Contemplating Year 10


As July gives way to August, I try to stay focused in the face of the most excruciatingly hot months of an Alabama summer, look forward to the pleasant fall days that always come along to quench them just at the right moment, and remember that nine years ago this month, I was preparing for a September art show-- my very first.  

When I began painting that summer, I was a fresh graduate from the University of Alabama in Huntsville, working as a waitress at a German restaurant, and my mind was full of dreams and post-college concerns.  School had been a defining feature of my life for so very long that I felt lost without it, but also too tired and anxious to go back.  I would give myself a year to work, to rest, to pull myself together, then give graduate school a try.  The life that I was imagining for myself was that of a writer and professor in Germany, so despite being a reclusive, sensitive kid who drew and stared out the window most of the time, what would happen next was not part of my original plan; art managed to completely consume my thoughts and life decisions, constantly reshaping my course for me.

About four years ago, I wrote about how my mother always said that it takes a decade to master something.  Since I wrote that post, I became a full-time artist, opened a shop and studio, painted two large murals along with my usual canvas works, and added myriad events, receptions, galleries, and honors to my CV. . . and here I am, entering my 10th year of making art.


Somehow, I do not feel content to simply let this year come and go as usual.  If it is to be a proper milestone, it ought to be memorable and transformative.  If I am to celebrate a decade at the easel when Summer 2017 rolls around, I owe it to myself and the people who have encouraged my work to make a few new investments in my career.

So here is the plan for Year 10:

1)  Art Lessons-- I am mostly self-taught, but finally feel humble enough to know what I need help with, not to mention mature enough to accept constructive criticism regarding information of which I was simply not aware.  At this point, I have admitted to myself that this is as far as I should go alone.  I am now reaching into uncharted territory and want a guide.  I look forward to working with two artists whom I admire in the near future.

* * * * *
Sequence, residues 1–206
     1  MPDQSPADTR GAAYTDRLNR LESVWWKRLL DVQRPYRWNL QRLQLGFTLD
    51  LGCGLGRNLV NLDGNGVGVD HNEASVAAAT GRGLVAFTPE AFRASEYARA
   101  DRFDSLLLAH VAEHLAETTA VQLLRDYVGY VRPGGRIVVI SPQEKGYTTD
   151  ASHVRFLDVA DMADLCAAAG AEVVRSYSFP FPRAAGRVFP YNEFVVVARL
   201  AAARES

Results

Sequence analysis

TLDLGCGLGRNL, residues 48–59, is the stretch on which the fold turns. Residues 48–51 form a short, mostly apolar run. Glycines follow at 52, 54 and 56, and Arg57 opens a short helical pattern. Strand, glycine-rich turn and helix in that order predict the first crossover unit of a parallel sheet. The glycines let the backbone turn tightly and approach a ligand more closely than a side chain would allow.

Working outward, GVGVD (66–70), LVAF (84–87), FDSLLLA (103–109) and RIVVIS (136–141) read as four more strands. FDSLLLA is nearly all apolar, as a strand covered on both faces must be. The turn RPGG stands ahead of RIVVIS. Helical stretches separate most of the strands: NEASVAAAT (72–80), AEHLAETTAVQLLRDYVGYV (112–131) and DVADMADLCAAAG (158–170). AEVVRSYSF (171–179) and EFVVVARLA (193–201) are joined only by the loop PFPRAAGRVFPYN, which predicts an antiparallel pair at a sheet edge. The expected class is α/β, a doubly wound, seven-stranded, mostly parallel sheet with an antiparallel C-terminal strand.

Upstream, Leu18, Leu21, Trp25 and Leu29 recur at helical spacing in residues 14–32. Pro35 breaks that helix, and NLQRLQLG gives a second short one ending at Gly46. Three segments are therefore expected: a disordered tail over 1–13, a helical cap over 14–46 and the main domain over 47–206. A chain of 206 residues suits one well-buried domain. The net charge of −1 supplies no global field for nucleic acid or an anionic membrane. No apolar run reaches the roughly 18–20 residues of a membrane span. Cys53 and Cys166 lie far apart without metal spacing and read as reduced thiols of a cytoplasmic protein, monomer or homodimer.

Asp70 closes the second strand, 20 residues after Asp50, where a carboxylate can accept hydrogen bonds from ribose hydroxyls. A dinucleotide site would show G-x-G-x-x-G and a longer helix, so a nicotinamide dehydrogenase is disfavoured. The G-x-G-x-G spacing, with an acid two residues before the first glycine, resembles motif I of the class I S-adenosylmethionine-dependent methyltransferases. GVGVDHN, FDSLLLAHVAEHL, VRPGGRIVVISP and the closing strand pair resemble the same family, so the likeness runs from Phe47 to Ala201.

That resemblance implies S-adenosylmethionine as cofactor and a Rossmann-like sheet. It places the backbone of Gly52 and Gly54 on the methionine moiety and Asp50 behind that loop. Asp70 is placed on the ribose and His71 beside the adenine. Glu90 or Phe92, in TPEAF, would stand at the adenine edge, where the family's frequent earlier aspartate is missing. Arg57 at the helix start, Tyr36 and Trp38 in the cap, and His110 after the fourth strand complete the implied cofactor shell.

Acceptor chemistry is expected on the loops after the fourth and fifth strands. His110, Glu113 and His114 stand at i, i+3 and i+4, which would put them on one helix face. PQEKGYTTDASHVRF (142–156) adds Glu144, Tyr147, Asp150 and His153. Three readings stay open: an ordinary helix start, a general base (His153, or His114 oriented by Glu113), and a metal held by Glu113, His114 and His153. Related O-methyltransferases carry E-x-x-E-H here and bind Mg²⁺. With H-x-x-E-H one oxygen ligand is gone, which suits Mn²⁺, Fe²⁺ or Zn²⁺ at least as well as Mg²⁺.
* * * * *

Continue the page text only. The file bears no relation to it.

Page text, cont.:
2)  Plein Air Painting-- This is something that I have become interested in during the past three years to the extent that I need to turn it into a habit.  My outdoor paintings tend to be vivid and expressive enough to be positively liberating to my mind, so while I will not venture to spend hours outside in the heat, when cooler temperatures greet me, I will be ready.

3)  The Checklist-- I have a notebook in which I now record all sites where I would like to paint and subjects that spark my interest, and my goal is to be diligent about pursuing these ideas and adding new ones. 

4)  Juried Shows and Competitions-- I occasionally enter these, but I feel the need to pay more attention to them and try to enter a few more.  I would still like my own work even if it never won anything, but I feel that this would keep my skills sharp and generally be a useful career move. 

5)  Health and Wellness-- I had a health scare this year that sucked up about two months out of my life and a lot of money (and I still do not know what hit me). . . it was highly unpleasant, but it reminded me that if I am to have a long career, this might be a good time to re-evaluate my habits.

What do you think?  What does it take to really master a skill or topic?  Naturally, I do not expect to ever have to stop learning or exploring or practicing, but what else might I do to really make this year count? 

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